Hari Krishnan Prasath aka @theobviousmystery is a 27-year-old MBA graduate who has made for himself a career in Marketing. And he uses his Instagram account to talk about all things books!

The thrill of reading and finishing a book is something that cannot be described in words. Experiencing what the author’s mind has wrought into the pages of a book; feeling emotions that are difficult to replicate in real life, witnessing realities that are impossible yet exist within one’s mind, we can go on and on about these proclivities that books bring into the parameters of our thoughts. Instead, we asked Hari Krishnan Prasath to recommend something we can read in January 2022!

When Hari is not sifting through data to determine the right approach for a marketing campaign, he’s lounging in his favorite chair, sipping on hot coffee, and reading his current favorite book. When we asked him why he does what he does, Hari said that his primary intention of running the blog is to encourage more people to pick up books for the right reasons.

And here’s what he suggested for the month!

Anthem by Noah Hawley – A cast of teenagers help defend against a number of adversaries, from a widespread mental health crisis years after the outset of the coronavirus pandemic to a malevolent man resembling Jeffrey Epstein.

To Paradise by Hanya Yanagihara – Yanagihara, the editor of T Magazine and the author of “A Little Life,” imagines alternate Americas, the first in 1893, when the country consists, post-Civil War, of separate territories, another in 1993 when a Hawaiian man living in New York reckons with his past as the city confronts H.I.V. and the third in 2093 when America is beset by pandemics and authoritarian rule.

The Starless Crown by James Rollins – An alliance embarks on a dangerous journey to uncover the secrets of the distant past and save their world in this captivating, deeply visionary adventure.

The History of Love by Nicole Krauss (Postmodern literature)The History of Love is a book about the exploration and the journey of love across time, age, distance, and mind. I strongly resonate with the commonality across the story that exists in the form of a book and at its core, words. It explores and experiments with different nuances of narrations while telling a common story. The first narration is through that of an elderly man, a locksmith, and an occasional writer by the name of Leo Gursky. The second narrative is the journal entries of a teenage girl by the name of Alma Singer. Alma is pushed into a corner of grief after her father passes away and her mother sinks further into a quagmire of depression. The third narrator gives us an omniscient view of how the common thread, a book within the book, connects Alma and Leo and came into existence. The History of Love is a book that you cannot help but fall in love with.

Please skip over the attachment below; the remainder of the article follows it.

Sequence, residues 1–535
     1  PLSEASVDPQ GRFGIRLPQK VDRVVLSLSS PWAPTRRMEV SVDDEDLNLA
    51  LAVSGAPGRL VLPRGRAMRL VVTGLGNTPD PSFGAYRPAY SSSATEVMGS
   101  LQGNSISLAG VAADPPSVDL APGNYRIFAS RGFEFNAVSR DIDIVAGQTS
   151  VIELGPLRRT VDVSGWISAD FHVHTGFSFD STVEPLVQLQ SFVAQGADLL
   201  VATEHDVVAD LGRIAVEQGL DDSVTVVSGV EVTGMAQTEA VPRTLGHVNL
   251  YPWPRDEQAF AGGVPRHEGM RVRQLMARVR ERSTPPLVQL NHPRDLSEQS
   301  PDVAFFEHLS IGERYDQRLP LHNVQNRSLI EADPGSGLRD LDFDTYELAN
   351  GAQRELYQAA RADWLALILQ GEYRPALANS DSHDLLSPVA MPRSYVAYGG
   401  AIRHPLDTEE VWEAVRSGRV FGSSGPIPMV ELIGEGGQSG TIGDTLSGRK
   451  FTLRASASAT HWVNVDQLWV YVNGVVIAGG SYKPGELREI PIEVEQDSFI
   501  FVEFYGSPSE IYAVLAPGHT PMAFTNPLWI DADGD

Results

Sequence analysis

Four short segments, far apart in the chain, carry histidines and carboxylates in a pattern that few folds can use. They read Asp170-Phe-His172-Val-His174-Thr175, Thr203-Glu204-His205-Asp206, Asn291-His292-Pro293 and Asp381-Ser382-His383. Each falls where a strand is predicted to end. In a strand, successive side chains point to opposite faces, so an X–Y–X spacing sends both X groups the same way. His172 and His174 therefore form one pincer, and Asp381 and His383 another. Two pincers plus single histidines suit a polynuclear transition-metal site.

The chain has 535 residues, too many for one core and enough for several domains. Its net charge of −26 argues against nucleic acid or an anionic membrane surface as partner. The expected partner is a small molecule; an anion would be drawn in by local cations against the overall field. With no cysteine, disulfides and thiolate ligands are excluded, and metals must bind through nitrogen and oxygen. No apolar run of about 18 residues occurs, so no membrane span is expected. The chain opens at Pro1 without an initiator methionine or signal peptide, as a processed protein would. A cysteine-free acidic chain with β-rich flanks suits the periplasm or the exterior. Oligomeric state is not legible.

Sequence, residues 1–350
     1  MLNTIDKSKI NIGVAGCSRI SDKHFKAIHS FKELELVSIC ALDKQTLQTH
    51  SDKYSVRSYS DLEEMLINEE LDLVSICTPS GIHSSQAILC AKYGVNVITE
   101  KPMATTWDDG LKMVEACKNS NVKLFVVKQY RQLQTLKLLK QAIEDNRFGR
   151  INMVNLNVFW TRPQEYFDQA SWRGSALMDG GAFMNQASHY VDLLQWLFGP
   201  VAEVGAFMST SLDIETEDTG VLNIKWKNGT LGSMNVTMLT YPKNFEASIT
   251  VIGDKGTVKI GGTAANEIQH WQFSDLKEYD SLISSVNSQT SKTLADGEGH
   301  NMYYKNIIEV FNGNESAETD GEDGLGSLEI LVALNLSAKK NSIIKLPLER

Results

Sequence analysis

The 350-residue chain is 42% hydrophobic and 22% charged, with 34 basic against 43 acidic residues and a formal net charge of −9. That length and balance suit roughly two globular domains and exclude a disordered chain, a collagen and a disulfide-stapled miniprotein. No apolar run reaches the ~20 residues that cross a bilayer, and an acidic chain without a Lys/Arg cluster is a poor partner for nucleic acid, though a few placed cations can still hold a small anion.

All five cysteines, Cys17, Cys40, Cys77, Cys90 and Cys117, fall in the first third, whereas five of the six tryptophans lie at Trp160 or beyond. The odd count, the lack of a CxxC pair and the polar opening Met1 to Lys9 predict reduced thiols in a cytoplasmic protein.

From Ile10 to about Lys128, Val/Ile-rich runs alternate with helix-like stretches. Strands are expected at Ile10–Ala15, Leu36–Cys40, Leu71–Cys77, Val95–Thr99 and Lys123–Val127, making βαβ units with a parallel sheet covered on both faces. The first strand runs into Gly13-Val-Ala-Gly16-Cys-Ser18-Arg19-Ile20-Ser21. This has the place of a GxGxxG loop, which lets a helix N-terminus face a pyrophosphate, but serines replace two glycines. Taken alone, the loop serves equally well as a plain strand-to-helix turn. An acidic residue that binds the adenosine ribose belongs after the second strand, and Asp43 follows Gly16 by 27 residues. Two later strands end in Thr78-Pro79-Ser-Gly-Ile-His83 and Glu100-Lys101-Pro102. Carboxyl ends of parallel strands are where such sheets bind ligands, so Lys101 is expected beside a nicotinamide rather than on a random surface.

Piranesi by Suzanne Clarke (Speculative Fiction) – I think the best way to describe Piranesi is to call it a magnificent, lyrical portal to another, another world, full of awe, full of surprises, and full of mystery. It’s a tale that pulls you into its many statued halls right at the beginning and blesses you with beautiful imagery of a world that constructs itself with the words and actions of our titular protagonist, Piranesi. Solitude, Acceptance, Devotion, Betrayal, Creation, this book has it all. Piranesi is a perfect book to read with a friend!

Good Talk by Mira Jacob (Non-Fiction: Memoir) – It isn’t an easy experience, growing up as a colored minority in the United States of America. There are many hurdles, both outside the family and within that need to be overcome just to get a semblance of what it means to be really a part of that country. Mira Jacob, through her graphic memoir, illustrates various instances of racism, sex, love, and familial bonds. Through her quick wit, wonderful illustrations, and real conversations, Mira delivers a powerful book that she hopes would leave an answer for her mixed-race son and every other minority like him. This is one book that would take less than a day to finish but stay with you for years to come.

Blue Skinned Gods by SJ Sindhu (Contemporary Fiction)Blue Skinned Gods is easily one of the best books that I have had the privilege of reading. It adopts a non-linear narrative to tell us the story of a blue-skinned child who is believed to be the final incarnation of Lord Vishnu and bestowed all the responsibilities that come along with the title. The book tells his story and dives deep into various aspects that have come to govern our modern-day society. It is nothing short of a masterpiece!

Drive Your Plow Over the Bones of the Dead by Olga Tokarczuk (Mystery / Literary Fiction) – At a very skeletal view, Drive your Plow seems like a whodunit murder mystery, but the nerves and muscles grow in, giving the readers something bigger. With witty humor, our protagonist Janina waltzes us through the story, explaining her humorous theories about the world around her, managing the chaos that blooms within her mind through the study of star charts and translating William Blake. She believes in naming people based on their intentions and actions and comes up with unique nicknames such as Oddball, Dizzy, Good news, and others. When she finds her neighbor dead, a journey begins for Janina. With subsequent murders of hunters happening, Janina is almost convinced that the animals around the village are finally exacting their vengeance. To say that I loved this book would be an understatement. Olga’s wit and Antonia Lloyd-Jones’ accurate translation of it blew me away. The path that the plot takes, from beginning to end is a testimony to Olga’s storytelling!

Want to read more of Hari’s recommendations? Follow him here.

Also Read: 5 e-books you can read over the weekend